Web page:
If you suffer from regular heartburn you may be tempted to pick up an over-the-counter PPI (proton pump inhibitor), such as Prilosec OTC, Prevacid 24HR, or a newer product, Nexium 24HR. But that’s probably not a good idea for several reasons, according to a Consumer Reports Best Buy Drugs report on heartburn drugs.
OTC PPIs all are similar-strength versions of prescription medications and are approved to treat heartburn that occurs several times a week. But they are potent medications and more appropriate for treating a serious condition called GERD, or gastroesophageal reflux disease, according to Consumer Reports Best Buy Drugs.
GERD occurs when acid from your stomach backs up, or refluxes, into your esophagus, the tube that leads from your throat to your stomach. If it isn’t treated, over time, the acid reflux can inflame or erode the lining of the esophagus. But while heartburn is a symptom of GERD, not everyone with heartburn needs a PPI. In fact, research has found that up to 70 percent of people taking PPIs might not need such strong medication.
For occasional heartburn or flare-ups that occur after a heavy meal, try an antacid, such as Maalox, Mylanta, Rolaids, or Tums, or an over-the-counter H2 blocker, such as famotidine (Pepcid AC) or ranitidine (Zantac 75). Even if you have a period of time—say a couple of weeks—in which you get heartburn fairly regularly, you may not need anything stronger than those drugs. Consider making changes to your diet and lifestyle, too, suggest our medical experts, such as eating smaller meals, not lying down for at least 3 hours after eating, and cutting out trigger foods and drinks, such as citrus fruit, garlic, onions, fried foods, caffeine, and alcoholic beverages.
In addition to the potential for overmedicating, PPIs come with side effects, including headaches and diarrhea. They can also increase your risk for serious infections such as pneumonia and a bacterial infection called C. diff (clostridium difficile) that can cause severe diarrhea, fever, and, in rare cases, death. The risk for those infections might be higher if you have asthma, lung disease, decreased immunity, or are older.
And taking PPIs long term—for a year or longer—has been linked to an increased risk for bone fractures, and depleted magnesium levels, which can trigger muscle spasms, an irregular heartbeat, and convulsions. Some research suggests PPIs also can deplete vitamin B12 levels, and a study published in January 2015 in the journal JAMA Internal Medicine linked the drugs to an increased risk for kidney disease.
"PPIs were never meant to be taken forever," says Marvin M. Lipman, M.D., Consumer Reports chief medical adviser. "You should periodically consult with your doctor about reducing dosage or switching to a less potent acid blocker in combination with dietary modifications."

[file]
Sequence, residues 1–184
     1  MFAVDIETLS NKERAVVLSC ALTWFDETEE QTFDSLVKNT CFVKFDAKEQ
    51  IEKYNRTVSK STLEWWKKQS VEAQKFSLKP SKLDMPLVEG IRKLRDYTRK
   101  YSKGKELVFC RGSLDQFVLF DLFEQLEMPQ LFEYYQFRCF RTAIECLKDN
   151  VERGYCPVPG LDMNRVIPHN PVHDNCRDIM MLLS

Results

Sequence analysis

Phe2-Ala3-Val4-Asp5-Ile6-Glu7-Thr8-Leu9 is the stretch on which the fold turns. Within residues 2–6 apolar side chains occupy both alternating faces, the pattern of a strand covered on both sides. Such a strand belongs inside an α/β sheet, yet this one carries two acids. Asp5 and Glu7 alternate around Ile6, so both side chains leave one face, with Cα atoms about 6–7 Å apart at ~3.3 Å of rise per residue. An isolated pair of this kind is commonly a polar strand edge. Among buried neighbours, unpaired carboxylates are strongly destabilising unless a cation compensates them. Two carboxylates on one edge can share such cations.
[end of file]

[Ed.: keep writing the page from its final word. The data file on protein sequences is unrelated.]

What If It's More Than Heartburn?
If you have heartburn at least twice a week for weeks or months on end, have frequent regurgitation of food into your throat or mouth (with or without heartburn), or if antacids or H2 blockers do not relieve your symptoms, you may have GERD. For that, our medical advisors urge that it's time to see your doctor about it.
If you are diagnosed with GERD, your doctor may recommend you take a PPI to reduce the acid in your stomach and allow any irritation or ulcers in your throat to heal. For that problem, our Best Buy Drugs report recommends discussing two over-the-counter generic PPIs with your doctor as your best first option: generic omeprazole OTC and generic lansoprazole OTC. You should know that, although effective, the drugs might not provide immediate relief; they can take up to four days to start working.
Because of the risks mentioned above, our medical consultants suggest minimizing how long you take a PPI. Before you begin, ask your doctor how long you’ll need to take it. When PPIs are used to treat GERD, they should be taken for at least two weeks or longer if your doctor recommends. You'll likely need to take it for at least four weeks if you have ulcers in your throat to give them enough time to heal.
Once it's time to stop taking them, ask your doctor for strategies to slowly taper the PPI because quitting suddenly could trigger rebound heartburn symptoms. While there are no set guidelines for discontinuing PPIs, one strategy is to reduce your dose by half every week—for example taking it every other day for one week, then switch to only taking it every few days for week. Once you’re on the lowest dose for one week, you should be able to stop altogether.
Editor's Note: These materials were made possible by a grant from the state Attorney General Consumer and Prescriber Education Grant Program, which is funded by a multistate settlement of consumer fraud claims regarding the marketing of the prescription drug Neurontin (gabapentin).
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